It was the first series of overtime at the RCA Dome in Sunday's
game between two unbeaten teams, Carolina and Indianapolis. The
Panthers faced third-and-one at their 36-yard line, and the home
crowd was working itself into a frenzy. The last time Peyton
Manning had gotten his hands on the ball, he had driven the Colts
91 yards for the tying touchdown. Give the ball back to Manning,
Carolina had to figure, and the game was as good as lost.
So the 6-foot, 222-pound running back took the handoff and glided
to the right, waiting for a hole to open. Indy linebacker David
Thornton broke through, but the back slipped the tackle, shook
free from defenders Walt Harris and Montae Reagor at the line of
scrimmage and was stopped only after he had gained eight yards.
Three plays later the back strung out the line again before
dashing up the right side for 12 yards, putting Carolina in
position for John Kasay's winning 47-yard field goal. Once again
in this best start in club history, the back was the Most
Valuable Panther in the game.
But this time it wasn't Stephen Davis who was doing the damage.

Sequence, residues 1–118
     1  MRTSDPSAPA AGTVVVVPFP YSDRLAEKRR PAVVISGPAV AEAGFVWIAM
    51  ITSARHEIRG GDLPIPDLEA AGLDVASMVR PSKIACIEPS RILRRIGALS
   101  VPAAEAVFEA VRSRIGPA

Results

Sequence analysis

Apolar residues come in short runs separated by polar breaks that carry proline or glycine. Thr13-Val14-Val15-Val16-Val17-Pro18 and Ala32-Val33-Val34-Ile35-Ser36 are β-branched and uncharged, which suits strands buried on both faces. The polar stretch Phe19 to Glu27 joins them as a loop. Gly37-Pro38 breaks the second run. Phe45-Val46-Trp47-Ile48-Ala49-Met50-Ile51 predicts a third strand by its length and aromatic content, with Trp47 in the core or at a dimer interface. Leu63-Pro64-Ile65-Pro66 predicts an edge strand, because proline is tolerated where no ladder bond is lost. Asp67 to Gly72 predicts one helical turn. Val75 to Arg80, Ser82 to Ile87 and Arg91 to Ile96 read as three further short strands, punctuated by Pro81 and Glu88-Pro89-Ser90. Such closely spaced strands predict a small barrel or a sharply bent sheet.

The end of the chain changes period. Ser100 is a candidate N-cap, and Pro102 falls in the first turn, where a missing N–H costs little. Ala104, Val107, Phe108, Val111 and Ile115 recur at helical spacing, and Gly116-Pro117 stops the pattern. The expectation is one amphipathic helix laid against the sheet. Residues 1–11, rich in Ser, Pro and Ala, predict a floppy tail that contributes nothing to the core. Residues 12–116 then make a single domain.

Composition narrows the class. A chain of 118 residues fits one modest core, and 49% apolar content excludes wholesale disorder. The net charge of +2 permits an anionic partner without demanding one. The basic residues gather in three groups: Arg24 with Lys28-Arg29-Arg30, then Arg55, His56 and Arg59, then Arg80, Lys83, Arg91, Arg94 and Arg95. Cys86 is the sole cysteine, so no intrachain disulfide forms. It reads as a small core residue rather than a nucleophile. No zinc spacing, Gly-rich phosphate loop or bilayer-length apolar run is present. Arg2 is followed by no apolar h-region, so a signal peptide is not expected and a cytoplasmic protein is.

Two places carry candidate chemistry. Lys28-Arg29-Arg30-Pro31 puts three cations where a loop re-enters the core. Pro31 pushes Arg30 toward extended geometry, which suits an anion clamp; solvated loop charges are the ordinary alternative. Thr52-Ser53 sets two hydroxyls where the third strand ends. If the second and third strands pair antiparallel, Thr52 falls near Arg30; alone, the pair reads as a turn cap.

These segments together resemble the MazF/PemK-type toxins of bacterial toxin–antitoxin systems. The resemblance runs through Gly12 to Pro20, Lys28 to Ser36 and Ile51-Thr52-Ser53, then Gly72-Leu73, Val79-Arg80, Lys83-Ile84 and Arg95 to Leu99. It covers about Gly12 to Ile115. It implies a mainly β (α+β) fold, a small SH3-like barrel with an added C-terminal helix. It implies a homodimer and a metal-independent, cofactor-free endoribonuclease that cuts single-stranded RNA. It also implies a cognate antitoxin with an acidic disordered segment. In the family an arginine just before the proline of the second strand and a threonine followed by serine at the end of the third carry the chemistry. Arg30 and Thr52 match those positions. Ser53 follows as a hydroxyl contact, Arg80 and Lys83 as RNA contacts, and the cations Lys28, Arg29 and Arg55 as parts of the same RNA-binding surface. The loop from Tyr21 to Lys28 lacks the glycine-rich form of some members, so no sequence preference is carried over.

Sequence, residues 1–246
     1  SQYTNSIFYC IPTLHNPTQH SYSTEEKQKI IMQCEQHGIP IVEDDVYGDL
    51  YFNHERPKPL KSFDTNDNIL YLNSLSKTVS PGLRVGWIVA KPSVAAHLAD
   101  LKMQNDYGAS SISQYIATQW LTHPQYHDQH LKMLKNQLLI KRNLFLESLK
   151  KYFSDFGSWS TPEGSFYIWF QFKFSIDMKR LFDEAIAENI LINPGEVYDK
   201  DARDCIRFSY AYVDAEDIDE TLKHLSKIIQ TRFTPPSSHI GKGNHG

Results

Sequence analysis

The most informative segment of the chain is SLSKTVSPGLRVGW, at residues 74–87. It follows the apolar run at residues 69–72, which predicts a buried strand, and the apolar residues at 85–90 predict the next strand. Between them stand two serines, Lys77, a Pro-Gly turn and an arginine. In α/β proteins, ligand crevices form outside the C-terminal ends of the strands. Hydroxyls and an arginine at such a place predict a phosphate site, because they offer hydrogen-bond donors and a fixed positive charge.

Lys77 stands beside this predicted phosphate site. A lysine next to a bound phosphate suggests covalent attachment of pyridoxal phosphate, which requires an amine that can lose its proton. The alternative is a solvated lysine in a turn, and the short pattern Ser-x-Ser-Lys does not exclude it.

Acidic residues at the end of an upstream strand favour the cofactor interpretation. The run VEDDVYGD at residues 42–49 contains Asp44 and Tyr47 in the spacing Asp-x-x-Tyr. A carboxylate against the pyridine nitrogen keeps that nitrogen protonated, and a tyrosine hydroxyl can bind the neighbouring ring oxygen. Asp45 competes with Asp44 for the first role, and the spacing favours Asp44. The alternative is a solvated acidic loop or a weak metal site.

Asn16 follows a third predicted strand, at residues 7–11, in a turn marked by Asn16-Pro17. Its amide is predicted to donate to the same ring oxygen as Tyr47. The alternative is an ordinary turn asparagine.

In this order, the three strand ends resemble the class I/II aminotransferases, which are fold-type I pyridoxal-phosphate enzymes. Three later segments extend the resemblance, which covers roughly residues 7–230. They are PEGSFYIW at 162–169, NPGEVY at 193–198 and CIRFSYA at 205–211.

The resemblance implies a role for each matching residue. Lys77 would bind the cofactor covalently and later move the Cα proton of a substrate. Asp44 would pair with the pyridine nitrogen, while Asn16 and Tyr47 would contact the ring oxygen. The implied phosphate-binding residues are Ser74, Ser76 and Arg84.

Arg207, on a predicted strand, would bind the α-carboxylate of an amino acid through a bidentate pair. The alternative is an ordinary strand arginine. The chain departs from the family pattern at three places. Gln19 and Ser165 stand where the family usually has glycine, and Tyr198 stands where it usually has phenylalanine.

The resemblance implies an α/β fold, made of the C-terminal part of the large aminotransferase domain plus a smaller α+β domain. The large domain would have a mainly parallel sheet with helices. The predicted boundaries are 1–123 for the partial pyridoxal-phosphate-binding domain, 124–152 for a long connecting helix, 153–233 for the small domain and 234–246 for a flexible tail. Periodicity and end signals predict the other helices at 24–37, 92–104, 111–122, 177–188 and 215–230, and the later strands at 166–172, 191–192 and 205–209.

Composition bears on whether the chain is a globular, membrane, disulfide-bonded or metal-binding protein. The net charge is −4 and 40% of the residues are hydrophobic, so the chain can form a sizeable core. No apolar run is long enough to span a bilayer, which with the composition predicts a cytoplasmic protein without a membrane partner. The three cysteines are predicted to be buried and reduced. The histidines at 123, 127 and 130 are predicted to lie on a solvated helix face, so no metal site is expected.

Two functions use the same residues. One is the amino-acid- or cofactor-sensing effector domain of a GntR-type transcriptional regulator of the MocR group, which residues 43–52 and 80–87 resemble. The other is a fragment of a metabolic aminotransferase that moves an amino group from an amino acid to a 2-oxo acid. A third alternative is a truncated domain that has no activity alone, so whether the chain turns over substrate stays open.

It was 2002 second-round pick DeShaun Foster. His 139 yards--85
on 16 carries, 54 on two catches--were the difference in
Carolina's 23-20 win over the Colts. Yes, the NFC's top-ranked
rushing offense just got a little better. Foster, the former UCLA
back who missed all of his rookie season after undergoing
microfracture surgery on his left knee, had but 21 carries for 97
yards in Carolina's first four games. But when Davis, a
free-agent pickup who has run for 641 yards this season, suffered
a bruised right forearm in the third quarter on Sunday, Foster
went to work.
It wasn't how many yards Foster gained but the way he ran for
those yards that was so impressive. Foster is a savvy rusher, out
of the Marcus Allen mold. Speed, quickness, leg drive and
durability are vital characteristics of a great back, but none of
those traits top Foster's list of qualities. "Patience is the
most important attribute a running back can have," he says.
"Running the ball is a cat-and-mouse game. I give my linemen time
to set up the blocks. You have to be patient. Then the key is
finding a crease."
October 19, 2003
Granted, Foster has had only one strong NFL game, and who knows
if he can stay healthy--his knee still acts up, and he sat out a
practice last Thursday in Charlotte because, he says, the knee
started to ache when the weather cooled off. But on Sunday the
Davis-Foster combination gave the Panthers a potent
inside-outside punch. The two backs combined for 215 yards
rushing and receiving.
Carolina is not an NFL steamroller. The Panthers, with just one
win by a double-digit margin this year, hang around because they
are grounded in the running game and they play great defense.
They don't make mistakes late in the game. Dating to last season,
Carolina has won nine of its last 10 games. Foster is one more
reason why the Panthers shouldn't be taken lightly.